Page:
The Financial Times has a good story today on a new twist in the mortgage market. Namely, banks have stopped offering mortgages in buildings that haven't already sold a sufficient quantity of units. In one case, a buyer with "stellar credit" and a 25 percent downpayment couldn't get a mortgage because the luxury development she wanted had only sold three of 46 units.

This is not, on the bank's part, a crazy argument: Developments that don't sell sufficient units have massive problems. The water stops working because the pipes freeze. The heating bill is unpayably high. The units fall into disrepair. The developer defaults and can no longer pay maintenance costs. Eventually, the residents who have bought homes walk away from their mortgages. For a pretty good look at this dark cycle, check out this "This American Life" episode.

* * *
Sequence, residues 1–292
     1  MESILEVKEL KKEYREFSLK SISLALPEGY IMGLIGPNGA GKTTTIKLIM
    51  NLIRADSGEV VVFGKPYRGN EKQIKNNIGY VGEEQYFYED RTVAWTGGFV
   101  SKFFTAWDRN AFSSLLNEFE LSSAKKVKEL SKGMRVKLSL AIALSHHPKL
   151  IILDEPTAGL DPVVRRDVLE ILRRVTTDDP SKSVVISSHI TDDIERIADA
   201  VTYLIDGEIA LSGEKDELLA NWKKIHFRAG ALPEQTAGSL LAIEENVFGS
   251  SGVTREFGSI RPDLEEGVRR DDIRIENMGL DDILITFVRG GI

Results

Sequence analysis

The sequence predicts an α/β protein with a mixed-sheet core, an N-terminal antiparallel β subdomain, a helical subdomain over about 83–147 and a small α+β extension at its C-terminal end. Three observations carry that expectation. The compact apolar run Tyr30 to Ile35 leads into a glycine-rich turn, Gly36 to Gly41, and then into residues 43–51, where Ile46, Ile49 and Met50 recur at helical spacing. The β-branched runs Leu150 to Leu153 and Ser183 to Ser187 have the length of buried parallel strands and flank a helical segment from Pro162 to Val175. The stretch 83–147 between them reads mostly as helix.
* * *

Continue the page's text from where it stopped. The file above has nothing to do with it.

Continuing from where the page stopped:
But it becomes a chicken-and-egg problem. If you can't get mortgage financing to sell the first homes in a development, you can't sell the rest of the homes in a development, either. Some banks are insisting that they won't offer mortgages for developments where less than 70 percent of the units are sold. Worse, analysts say that 12,000 new units will be completed in New York before year's end, so it's not as if there's any shortage of unoccupied developments coming on market. But if the units can't be sold, then the developers will go bankrupt. And if the developers go bankrupt, the units will fall into disrepair and become less sellable. And if they're less sellable, then...